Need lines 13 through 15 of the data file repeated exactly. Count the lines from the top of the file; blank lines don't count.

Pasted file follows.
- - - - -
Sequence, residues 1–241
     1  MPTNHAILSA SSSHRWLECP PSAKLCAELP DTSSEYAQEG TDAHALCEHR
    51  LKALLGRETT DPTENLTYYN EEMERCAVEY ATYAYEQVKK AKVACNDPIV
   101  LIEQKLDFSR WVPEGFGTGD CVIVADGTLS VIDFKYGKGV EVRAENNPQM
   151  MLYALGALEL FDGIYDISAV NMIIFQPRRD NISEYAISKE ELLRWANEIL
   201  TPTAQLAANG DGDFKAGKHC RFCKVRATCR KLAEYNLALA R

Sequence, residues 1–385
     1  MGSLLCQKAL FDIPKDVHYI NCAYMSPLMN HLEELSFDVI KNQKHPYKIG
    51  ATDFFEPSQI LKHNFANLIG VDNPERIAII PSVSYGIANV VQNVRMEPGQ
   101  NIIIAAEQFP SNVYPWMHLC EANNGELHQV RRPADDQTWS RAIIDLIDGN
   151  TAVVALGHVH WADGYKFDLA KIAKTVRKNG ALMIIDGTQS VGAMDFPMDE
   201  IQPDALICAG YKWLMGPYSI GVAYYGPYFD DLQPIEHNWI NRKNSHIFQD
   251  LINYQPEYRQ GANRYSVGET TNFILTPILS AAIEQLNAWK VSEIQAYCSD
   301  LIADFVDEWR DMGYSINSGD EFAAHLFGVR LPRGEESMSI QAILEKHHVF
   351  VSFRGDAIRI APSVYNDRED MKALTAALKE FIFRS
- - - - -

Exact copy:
   251  LINYQPEYRQ GANRYSVGET TNFILTPILS AAIEQLNAWK VSEIQAYCSD
   301  LIADFVDEWR DMGYSINSGD EFAAHLFGVR LPRGEESMSI QAILEKHHVF
   351  VSFRGDAIRI APSVYNDRED MKALTAALKE FIFRS